As the year comes to a close, we're looking back at the articles we published that were especially well read. Here, in case you missed them the first time, are the top five stories of 2022. We look forward to covering even more global rewilding stories in 2023. Happy Solstice and Happy New Year!
P.S. We've been playing around with Mastodon, and if you have too, you can find us at @firstname.lastname@example.org (or via this link).
“Today, I’m excited,” writes Alexandra De Vylder, “because our urban areas are changing. It’s estimated that cities will be home to more than two-thirds of the world’s population by 2050, and municipalities worldwide are acknowledging that nature – wildness, in particular – is essential to human well-being. The result is remarkable urban rewilding projects happening across the world.”
“Behaviorally informed messaging is so much more effective than the alternative,” Lazarovic says. “What does the person I’m trying to convince care about? What language and framing resonates with them? What is their visual vernacular? How can I make it fun and joyful and not a burdensome thing that adds to the list of chores already weighing upon them?”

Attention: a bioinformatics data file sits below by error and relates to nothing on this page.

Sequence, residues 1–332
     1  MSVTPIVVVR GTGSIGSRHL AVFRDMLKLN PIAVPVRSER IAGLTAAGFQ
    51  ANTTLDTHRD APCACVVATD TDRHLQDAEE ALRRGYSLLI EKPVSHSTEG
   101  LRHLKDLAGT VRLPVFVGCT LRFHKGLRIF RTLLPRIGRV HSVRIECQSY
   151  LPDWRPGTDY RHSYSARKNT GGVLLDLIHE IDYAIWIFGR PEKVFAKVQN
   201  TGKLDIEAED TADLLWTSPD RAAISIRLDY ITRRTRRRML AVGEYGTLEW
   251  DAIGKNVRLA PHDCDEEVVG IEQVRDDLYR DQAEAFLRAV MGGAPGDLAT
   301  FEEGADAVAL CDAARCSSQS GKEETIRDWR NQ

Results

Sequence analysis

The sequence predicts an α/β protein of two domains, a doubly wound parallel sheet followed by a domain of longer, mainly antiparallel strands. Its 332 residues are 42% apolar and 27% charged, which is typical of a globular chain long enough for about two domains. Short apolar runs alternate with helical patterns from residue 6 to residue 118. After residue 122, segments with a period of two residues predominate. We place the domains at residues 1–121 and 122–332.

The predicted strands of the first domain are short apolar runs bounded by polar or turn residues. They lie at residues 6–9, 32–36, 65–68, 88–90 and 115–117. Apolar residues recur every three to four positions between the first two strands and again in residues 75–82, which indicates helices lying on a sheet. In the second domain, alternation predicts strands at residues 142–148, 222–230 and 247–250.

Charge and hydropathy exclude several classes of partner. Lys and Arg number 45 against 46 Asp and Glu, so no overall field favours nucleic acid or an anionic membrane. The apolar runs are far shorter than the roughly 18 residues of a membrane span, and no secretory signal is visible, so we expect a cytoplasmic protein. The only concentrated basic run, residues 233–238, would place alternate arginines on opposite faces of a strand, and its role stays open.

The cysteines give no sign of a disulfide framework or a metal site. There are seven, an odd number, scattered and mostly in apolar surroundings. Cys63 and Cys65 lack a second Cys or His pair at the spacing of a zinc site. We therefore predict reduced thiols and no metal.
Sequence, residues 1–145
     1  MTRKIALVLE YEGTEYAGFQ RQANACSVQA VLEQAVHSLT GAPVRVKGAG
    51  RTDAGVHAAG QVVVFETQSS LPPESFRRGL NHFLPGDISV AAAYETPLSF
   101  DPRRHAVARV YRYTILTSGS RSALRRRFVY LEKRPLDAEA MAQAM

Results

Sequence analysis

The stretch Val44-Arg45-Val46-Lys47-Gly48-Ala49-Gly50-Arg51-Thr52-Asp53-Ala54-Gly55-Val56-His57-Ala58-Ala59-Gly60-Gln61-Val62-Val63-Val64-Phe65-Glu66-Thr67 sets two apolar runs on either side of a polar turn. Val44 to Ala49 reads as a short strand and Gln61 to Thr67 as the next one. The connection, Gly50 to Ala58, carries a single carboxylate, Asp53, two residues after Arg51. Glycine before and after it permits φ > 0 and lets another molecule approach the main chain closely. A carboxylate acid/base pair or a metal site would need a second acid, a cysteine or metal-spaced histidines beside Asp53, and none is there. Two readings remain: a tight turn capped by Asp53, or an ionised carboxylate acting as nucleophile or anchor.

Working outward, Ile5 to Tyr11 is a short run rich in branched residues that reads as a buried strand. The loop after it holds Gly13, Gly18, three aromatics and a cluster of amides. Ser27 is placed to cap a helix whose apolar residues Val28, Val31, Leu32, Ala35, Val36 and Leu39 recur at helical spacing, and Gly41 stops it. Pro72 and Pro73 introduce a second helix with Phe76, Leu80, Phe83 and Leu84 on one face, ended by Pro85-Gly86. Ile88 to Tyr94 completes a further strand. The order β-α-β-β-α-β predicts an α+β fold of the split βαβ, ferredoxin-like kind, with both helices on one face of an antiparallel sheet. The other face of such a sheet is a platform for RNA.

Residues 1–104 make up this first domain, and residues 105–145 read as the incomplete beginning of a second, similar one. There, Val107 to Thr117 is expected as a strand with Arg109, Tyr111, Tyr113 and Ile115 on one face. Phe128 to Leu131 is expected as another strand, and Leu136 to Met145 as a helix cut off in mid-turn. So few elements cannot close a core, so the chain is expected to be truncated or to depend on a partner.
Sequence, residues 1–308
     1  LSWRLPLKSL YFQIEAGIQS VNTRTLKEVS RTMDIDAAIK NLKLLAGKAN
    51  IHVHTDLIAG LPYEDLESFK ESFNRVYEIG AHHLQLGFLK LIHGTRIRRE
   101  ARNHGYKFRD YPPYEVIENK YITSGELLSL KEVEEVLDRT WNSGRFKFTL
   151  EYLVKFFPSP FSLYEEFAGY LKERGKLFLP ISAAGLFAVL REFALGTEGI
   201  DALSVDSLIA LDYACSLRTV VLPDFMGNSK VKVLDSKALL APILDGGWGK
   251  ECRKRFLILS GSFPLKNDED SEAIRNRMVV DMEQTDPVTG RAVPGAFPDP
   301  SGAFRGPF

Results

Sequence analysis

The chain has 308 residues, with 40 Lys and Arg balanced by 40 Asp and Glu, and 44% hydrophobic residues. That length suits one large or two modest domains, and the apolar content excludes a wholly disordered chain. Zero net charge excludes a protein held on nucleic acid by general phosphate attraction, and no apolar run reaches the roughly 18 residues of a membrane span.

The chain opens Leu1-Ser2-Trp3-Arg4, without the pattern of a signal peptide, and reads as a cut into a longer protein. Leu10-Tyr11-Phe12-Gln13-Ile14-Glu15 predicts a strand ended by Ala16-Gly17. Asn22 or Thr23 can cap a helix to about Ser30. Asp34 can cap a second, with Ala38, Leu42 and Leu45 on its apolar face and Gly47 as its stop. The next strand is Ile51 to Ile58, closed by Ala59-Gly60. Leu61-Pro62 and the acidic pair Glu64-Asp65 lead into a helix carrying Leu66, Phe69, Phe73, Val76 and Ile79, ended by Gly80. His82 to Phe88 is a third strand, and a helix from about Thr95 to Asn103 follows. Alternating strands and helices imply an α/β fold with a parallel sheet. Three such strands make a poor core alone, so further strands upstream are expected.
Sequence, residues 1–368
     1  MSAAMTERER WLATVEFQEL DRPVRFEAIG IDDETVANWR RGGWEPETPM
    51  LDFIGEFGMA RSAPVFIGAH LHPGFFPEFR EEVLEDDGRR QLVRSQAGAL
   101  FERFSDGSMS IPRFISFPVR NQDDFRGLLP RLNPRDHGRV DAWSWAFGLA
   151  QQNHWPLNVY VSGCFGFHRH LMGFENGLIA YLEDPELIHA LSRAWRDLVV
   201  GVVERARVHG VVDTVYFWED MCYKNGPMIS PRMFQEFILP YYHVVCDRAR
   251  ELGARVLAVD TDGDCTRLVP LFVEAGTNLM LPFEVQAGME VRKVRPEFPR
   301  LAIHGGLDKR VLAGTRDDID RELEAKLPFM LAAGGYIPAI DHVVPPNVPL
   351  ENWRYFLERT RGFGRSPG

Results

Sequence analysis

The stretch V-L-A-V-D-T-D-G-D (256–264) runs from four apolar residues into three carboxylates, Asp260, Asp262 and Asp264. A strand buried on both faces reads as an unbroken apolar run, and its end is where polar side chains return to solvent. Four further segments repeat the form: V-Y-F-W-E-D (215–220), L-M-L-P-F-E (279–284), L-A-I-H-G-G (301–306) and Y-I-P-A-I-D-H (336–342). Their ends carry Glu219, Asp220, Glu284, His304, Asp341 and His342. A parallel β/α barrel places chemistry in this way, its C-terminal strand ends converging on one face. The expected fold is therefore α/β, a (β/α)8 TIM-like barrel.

“Although planting and protecting forests is usually a great way of combating environmental degradation, in Ireland, the forestry industry has become devastating for the national biodiversity. The problem lies in what type of trees are being planted – and why.”
“I was thrilled with the increase in biodiversity, the reduction of mowing, and the sensory pleasure of native plants,” Tipton says. “Over time, I realized I wanted to remove my languishing front lawn completely.”
“Instead of encouraging #LazyLawns what we need to do, urgently, is to steward, tend and nurture landscapes for native biodiversity and ecological integrity. A month of long lawns filled with dandelions and other non-native weedy species just doesn’t cut it. It’s the ecological equivalent of opening a fast-food restaurant on every corner – for a short amount of time. At best, burgers and fries for a while, but not a sustained full-service menu of healthy nutrition and habitat for pollinators.”
Want more? Skip back to 2021: